Back in 1995, Newt Gingrich defunded the Office of Technology Assessment, a low-cost, high-yield body that provided neutral, evidence-based assessments of technology to lawmakers so they could avoid making stupid blunders when it came to tech.
The OTA needs a $6m appropriate to get running again. For perspective, each one of Trump's golf holidays at Mar-a-Lago cost the taxpayers $3.4m, so for the cost of less than two of Trump's fun weekend breaks, we could inform the entirety of Congress and the Senate about the technical dimensions of their policy choices, at a moment in which the technical details have never mattered more than they do now.
A vast coalition of bipartisan and neutral groups have penned an open letter to the Senate asking it to appropriate $6m to reopen the OTA, joined by a long list of tech luminaries, executives, academics, veterans of former administrations, etc.
As Alexandria Ocasio-Cortez has pointed out, lawmakers are shockingly ill-informed on the issues that they vote upon, largely because they pay sub-starvation wages to their staffers, requiring each to take on second and third jobs, leaving them without the time to research and prepare lawmakers ahead of key hearings and debates.
This vacuum has (of course) largely been filled by industry lobbyists who brief lawmakers with stilted accounts of the world (though AOC's answer, paying a living wage to every staffer, is obviously superior). Re-established the OTA would go a long way to filling in some of the gaps with neutral facts instead of parochial propaganda, and at $6m/year, it's a fucking steal.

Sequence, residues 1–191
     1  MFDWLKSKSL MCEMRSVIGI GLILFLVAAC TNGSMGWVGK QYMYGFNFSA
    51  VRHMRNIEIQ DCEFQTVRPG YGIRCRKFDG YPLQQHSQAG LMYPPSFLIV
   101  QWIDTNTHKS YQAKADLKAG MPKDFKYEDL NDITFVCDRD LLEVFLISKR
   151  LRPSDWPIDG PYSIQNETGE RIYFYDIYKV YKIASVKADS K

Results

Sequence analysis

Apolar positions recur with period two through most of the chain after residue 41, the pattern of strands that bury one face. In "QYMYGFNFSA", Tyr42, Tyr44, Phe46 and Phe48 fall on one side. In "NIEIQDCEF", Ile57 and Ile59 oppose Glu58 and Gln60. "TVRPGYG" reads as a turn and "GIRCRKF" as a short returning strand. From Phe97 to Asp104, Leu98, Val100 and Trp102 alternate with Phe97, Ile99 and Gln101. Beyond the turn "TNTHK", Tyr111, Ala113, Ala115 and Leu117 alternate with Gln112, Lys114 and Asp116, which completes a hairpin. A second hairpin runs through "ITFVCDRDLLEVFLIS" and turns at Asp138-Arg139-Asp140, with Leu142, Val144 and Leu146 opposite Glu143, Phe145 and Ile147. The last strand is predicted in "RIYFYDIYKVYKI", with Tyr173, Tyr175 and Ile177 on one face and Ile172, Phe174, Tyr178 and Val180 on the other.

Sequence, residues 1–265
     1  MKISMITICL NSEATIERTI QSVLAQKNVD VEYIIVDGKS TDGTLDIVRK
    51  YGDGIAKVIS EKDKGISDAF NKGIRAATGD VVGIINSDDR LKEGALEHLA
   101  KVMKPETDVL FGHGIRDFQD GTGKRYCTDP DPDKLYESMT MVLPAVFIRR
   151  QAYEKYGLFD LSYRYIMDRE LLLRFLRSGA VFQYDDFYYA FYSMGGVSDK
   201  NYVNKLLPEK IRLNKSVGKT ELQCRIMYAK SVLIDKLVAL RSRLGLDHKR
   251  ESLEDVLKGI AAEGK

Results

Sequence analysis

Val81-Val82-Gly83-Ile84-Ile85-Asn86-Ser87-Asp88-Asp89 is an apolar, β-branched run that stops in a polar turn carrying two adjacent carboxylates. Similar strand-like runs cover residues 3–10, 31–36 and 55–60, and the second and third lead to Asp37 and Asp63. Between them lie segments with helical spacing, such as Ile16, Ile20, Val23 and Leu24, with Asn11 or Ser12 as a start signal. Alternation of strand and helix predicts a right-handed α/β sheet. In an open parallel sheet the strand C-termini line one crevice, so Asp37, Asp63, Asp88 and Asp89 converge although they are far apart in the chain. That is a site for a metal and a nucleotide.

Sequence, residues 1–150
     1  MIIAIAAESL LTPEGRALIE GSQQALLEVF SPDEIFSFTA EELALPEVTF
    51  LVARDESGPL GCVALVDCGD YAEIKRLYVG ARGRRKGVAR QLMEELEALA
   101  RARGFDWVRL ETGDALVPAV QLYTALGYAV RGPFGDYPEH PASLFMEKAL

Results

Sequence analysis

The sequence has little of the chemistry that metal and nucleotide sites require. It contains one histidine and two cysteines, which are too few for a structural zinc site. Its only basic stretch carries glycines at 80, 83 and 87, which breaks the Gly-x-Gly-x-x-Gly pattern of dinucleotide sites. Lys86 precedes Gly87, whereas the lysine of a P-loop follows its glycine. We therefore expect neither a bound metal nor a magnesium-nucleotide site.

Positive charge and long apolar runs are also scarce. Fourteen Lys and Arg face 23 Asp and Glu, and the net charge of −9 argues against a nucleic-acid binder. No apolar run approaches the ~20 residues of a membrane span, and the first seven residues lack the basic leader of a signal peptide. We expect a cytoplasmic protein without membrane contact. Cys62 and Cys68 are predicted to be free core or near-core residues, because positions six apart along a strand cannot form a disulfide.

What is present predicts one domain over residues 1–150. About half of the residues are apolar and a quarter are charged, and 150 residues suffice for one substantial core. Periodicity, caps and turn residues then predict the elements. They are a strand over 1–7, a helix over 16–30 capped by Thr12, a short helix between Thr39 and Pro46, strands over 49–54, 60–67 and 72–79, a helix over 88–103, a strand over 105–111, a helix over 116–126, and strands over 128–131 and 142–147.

On behalf of the undersigned organizations and individuals, we write to express our concern that Congress does not have sufficient capacity to tackle 21st century science and technology policy challenges. Accordingly, we urge you to prioritize efforts to augment this institutional capacity, including providing funding for the Office of Technology Assessment (OTA), as part of the fiscal year 2020 Legislative Branch Appropriations bill.
The Senate has played a leading institutional role in promoting science and technology capacity in Congress. We note with favor the recently created Science, Technology Assessment and Analytics (STAA) team inside the Government Accountability Office, and its expanding capabilities to serve Members of Congress with expert advice and analysis. We also look forward to the forthcoming report from the National Academy of Public Administration later this year.
But OTA and STAA have different comparative advantages: the former in foresight and emerging technologies, and the latter in oversight and evaluating federal government programs and expenditures. Congress must have both these capabilities to meet the ever-increasing demands on its oversight and legislative responsibilities.
Broad Coalition Tells Congress To Bring Back The Office Of Technology Assessment [Mike Masnick/Techdirt]
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